View Full Version : Getting our wires uncrossed on human evolution

Jean M
11-28-2013, 03:06 PM
Carles Lalueza-Fox, Agreements and Misunderstandings among Three Scientific Fields: Paleogenomics, Archaeology, and Human Paleontology, Current Anthropology, online 8 November 2013 ahead of print.

The emergence of paleogenomics (the study and analysis of ancient genomes) has provided a new, powerful source of information that can be used to test previous hypotheses regarding human evolution. However, various misunderstandings concerning the interpretation of genetic data in an archaeological and paleontological context and the existence of different scientific goals tend to hinder the fluent and fruitful collaboration between these fields. Here we explore some of the subjects creating confusion, such as the problems associated with molecular clocks, the difference between sequence divergence and species divergence, and the limitations of the uniparental markers. Limited understanding of how the expression of a genome shapes the phenotype (including morphology and cognition) is the main obstacle to linking the genetic and the morphological evidence available. In the case of Neanderthals (and probably Denisovans, too), it is obvious that the conspicuous morphological differences cannot be explained by differences in a list of about 100 genes alone, thus suggesting that regulatory genomic elements must have been involved. A functional analysis of the genes involved as well as a study of the genomic architecture—a complexity level above the simple DNA message—could help us fill this gap. It is hoped that this future work will lead to the emergence of an interrelated and multidisciplinary view of the study of the past based on real collaborative efforts among disciplines.

The interaction between archaeologists, paleontologists, and researchers from the emerging field of paleogenomics has traditionally been plagued by misunderstandings and a lack of collaborative efforts. Over the last three decades, molecular biologists working on population analysis of human samples have usually tried to fit their results to hypotheses proposed previously on the basis of morphological or archaeological studies. These hypotheses were often chosen at random from the available literature by the authors of these population genetics studies, who were clearly unfamiliar with the current state of the art in these other fields. Furthermore, the genetic results themselves—especially with data, such as mitochondrial DNA sequences, with limited phylogenetic resolving power—frequently did not allow the favoring of one hypothesis over another.... In the future, we can expect that an interrelated and multidisciplinary view of our study of the past will be possible, and this can only be achieved with direct and real collaboration.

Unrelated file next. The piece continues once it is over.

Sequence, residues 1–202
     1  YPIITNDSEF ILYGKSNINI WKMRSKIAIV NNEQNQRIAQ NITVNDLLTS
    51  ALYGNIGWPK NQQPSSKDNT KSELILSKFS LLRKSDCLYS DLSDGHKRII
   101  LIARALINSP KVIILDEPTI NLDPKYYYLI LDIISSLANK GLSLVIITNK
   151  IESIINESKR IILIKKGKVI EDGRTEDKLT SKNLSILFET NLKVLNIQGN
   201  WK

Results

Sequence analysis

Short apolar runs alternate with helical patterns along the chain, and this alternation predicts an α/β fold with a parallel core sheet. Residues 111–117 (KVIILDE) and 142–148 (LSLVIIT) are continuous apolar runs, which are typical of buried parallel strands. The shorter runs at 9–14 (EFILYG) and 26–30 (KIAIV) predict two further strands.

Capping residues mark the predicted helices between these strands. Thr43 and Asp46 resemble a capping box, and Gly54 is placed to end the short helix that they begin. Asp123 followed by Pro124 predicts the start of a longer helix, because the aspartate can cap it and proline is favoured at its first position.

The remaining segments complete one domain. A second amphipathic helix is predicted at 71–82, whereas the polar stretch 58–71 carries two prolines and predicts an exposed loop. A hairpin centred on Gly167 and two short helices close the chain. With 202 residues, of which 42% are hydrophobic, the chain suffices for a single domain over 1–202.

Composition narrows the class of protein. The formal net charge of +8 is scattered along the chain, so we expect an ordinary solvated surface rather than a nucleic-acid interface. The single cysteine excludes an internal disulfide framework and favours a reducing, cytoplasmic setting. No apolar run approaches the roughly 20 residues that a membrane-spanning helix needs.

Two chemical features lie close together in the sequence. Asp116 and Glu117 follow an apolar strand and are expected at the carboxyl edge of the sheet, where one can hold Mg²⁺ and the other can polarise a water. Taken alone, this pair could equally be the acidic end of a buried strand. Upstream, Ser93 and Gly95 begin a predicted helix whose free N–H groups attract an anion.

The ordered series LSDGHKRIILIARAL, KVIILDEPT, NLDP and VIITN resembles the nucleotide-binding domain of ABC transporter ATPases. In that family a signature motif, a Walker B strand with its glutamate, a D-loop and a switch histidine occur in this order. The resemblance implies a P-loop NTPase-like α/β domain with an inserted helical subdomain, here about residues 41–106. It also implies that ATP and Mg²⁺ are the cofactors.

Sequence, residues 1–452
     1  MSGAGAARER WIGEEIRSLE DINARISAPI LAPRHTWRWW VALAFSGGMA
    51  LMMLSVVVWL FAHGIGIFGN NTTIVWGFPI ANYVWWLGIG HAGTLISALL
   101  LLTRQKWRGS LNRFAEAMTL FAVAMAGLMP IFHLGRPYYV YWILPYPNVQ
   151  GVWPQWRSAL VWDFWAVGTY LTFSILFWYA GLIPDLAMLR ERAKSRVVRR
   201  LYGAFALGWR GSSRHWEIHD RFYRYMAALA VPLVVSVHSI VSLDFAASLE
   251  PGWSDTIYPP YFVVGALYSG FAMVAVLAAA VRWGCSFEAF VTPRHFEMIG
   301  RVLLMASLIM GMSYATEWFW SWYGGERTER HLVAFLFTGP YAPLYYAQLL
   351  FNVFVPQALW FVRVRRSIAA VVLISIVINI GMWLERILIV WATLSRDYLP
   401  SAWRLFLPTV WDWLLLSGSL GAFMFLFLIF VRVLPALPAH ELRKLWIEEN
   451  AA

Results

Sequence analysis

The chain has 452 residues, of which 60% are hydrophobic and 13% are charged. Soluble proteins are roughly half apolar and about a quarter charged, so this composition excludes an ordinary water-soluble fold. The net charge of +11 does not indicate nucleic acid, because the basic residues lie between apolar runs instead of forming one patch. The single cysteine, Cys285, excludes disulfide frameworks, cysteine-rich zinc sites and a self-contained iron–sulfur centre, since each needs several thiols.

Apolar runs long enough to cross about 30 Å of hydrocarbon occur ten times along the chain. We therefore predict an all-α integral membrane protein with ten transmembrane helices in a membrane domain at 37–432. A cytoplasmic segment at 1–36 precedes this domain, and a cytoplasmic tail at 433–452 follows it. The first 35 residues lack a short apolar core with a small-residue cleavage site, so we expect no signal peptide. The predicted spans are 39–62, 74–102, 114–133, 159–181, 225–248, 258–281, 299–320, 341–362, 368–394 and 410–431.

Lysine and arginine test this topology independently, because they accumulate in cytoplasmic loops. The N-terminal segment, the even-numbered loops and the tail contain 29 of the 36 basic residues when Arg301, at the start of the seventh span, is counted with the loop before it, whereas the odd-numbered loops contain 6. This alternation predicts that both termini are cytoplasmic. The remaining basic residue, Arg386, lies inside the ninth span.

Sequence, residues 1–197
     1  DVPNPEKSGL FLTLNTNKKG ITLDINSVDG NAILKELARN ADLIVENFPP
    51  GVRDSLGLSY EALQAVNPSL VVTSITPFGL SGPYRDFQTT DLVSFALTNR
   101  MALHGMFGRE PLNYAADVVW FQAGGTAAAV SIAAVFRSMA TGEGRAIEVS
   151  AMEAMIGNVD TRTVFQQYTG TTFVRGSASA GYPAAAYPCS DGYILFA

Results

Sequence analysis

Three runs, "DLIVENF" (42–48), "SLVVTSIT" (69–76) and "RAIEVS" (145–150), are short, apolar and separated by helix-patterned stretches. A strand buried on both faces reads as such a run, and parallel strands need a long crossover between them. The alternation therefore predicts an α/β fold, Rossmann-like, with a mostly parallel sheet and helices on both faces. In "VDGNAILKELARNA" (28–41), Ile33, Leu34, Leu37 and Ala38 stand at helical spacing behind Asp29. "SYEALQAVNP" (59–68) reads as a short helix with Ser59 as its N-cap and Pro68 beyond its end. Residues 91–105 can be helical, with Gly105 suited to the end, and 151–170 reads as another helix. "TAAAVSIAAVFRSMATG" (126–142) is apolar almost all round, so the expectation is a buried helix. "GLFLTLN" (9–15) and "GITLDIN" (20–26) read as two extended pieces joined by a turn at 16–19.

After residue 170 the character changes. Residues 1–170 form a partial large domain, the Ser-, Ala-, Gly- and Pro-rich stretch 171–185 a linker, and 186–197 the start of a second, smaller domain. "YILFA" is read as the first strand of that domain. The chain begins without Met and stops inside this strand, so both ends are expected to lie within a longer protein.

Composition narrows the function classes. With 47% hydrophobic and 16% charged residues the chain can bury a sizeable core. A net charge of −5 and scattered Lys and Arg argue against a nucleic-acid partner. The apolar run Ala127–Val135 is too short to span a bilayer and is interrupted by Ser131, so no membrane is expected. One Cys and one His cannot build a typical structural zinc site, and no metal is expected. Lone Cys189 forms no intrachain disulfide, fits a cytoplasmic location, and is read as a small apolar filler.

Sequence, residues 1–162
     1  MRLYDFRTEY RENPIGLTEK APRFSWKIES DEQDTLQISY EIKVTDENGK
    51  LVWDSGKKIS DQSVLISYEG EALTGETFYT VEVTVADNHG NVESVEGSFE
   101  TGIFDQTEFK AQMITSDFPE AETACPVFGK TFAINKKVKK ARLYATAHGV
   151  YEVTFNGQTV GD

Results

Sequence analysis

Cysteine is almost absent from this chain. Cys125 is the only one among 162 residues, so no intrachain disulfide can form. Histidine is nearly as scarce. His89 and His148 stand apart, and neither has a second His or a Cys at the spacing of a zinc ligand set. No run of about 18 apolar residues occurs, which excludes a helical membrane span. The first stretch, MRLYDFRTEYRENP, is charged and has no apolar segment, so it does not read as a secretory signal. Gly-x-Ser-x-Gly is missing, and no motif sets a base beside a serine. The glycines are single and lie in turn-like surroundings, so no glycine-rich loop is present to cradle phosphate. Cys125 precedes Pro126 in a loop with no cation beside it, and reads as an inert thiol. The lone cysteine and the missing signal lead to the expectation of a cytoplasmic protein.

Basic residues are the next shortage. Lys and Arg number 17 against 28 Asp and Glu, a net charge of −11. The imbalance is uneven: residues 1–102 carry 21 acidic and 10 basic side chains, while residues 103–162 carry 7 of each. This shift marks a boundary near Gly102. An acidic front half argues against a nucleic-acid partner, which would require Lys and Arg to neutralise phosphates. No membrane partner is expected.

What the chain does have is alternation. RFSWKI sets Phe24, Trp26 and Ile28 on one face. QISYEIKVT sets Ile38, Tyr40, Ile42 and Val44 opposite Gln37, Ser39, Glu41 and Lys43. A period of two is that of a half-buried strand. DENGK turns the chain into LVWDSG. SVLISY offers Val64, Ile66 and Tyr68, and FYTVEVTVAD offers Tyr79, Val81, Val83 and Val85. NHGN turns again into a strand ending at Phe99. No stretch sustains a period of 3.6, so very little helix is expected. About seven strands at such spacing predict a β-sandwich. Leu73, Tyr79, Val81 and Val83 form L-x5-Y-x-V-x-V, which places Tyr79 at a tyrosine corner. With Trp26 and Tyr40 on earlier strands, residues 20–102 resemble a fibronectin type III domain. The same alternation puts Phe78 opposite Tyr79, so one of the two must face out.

He covers

Molecular Clocks, Sequence Divergence, and Species Divergence
Mitochondrial DNA: Limitations of Uniparental Markers
Gene Flow from Archaic Hominins
Limitations of the First Neanderthal Genome Draft
Beyond the Genome
An Example of a Regulatory Element: microRNA
Convergent Evolution
Future Directions

S9 H9
12-01-2013, 04:01 PM
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